April 12, 2012
As I said in part 1 of this Jeff-Jarvis-advised escapade, self-promotion is not my thing. I'm a Generation X Brit, for God's sake. But it has to be done if you're going to be an entrepreneur. You have to believe in your product and you have to be comfortable talking it up. The fact that I am bad at this should come as no surprise, but I was still struck by the wise words that came from CUNY fellow-in-arms Malik Singleton after listening to the first episode of my show, The Broad Experience (which I'm glad to say he liked). I am so used to self-deprecation, and the horrible feeling that I am bothering people by asking them to pay attention to me, that my first note to potential listeners tripped me up. I had posted a note to our class about the show including the words 'it's only 10 minutes'. He emailed me, 'Don't use words like "only" and "but" to introduce your show about confidence, come out and announce your pride for what you've accomplished.' Good advice, but (oops, I mean, 'still') I'm getting over a lifetime of hesitancy here. Old habits die hard. I will keep trying to slay them.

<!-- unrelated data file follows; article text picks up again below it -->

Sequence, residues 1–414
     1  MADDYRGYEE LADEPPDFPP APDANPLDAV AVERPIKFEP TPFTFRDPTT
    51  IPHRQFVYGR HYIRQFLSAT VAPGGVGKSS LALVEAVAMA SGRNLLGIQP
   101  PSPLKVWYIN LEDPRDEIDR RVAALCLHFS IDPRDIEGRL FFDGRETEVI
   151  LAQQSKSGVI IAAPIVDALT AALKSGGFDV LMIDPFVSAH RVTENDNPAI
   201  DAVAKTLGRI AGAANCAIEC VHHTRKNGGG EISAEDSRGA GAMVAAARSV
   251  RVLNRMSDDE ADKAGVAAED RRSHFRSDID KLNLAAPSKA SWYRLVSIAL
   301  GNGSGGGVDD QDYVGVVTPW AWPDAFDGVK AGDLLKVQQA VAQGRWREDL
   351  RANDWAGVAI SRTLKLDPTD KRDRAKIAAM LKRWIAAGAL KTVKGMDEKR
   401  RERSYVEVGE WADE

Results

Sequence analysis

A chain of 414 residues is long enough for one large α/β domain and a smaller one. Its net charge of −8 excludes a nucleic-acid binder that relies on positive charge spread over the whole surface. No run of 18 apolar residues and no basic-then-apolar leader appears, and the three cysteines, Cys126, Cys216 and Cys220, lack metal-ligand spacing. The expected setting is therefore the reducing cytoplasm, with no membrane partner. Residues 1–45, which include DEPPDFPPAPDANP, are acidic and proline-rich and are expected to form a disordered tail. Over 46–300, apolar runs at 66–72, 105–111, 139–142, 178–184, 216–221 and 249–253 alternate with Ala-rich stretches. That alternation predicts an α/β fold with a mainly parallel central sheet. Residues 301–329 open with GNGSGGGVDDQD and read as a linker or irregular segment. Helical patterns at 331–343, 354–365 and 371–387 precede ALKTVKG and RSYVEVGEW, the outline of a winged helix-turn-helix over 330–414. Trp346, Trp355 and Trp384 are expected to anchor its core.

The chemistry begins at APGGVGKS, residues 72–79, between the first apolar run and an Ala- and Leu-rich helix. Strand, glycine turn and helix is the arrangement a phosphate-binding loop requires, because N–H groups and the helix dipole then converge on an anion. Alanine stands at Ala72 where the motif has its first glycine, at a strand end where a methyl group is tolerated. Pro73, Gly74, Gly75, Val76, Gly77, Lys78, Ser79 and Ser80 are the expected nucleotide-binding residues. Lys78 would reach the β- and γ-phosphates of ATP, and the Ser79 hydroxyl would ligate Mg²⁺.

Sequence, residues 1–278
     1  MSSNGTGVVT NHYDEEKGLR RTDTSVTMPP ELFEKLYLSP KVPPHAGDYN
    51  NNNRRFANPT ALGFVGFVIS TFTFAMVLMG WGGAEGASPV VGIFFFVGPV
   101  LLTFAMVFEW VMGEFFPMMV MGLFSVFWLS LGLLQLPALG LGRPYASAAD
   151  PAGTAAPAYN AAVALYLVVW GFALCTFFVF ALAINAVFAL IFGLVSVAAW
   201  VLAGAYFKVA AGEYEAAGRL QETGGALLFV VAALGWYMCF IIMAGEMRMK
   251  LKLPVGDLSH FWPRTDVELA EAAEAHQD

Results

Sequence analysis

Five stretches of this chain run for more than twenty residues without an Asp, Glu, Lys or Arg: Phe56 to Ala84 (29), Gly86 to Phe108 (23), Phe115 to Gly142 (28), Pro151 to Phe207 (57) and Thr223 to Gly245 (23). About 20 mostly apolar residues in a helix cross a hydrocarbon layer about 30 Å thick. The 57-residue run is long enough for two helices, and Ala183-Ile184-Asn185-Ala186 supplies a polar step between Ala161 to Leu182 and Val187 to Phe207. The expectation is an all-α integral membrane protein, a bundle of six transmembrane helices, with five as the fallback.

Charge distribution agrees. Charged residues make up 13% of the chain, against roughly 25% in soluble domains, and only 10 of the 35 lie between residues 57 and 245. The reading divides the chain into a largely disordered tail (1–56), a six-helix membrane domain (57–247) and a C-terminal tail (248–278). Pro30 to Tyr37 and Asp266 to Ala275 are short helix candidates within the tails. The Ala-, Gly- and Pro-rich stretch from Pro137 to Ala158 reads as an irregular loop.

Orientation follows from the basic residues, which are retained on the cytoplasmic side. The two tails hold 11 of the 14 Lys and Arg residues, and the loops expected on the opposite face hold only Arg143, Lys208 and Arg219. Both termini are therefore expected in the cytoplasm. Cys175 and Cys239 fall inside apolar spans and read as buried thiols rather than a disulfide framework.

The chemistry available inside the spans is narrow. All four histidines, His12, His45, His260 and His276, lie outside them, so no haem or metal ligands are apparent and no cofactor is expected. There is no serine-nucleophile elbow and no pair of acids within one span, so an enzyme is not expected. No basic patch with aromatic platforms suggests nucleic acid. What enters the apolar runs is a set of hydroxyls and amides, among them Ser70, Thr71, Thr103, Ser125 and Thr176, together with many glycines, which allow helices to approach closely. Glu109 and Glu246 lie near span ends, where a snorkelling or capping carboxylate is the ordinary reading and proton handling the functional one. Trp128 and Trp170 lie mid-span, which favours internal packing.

On a more positive note, I finally finished Scott Berkun's 'The Myths of Innovation' yesterday. Loved it. I particularly enjoyed the bit near the end when he writes about all the talking that goes on around ideas, but how none of it means anything until you actually DO something to give the idea flesh. I have at least done something by creating the first episode of the show I'm producing. I let myself feel slightly smug for about five seconds. I'm also tearing through a book I spotted at the airport in London earlier this week, Freesourcing by Jonathan Yates, about how to grow a business with no money. Seems entirely appropriate right now.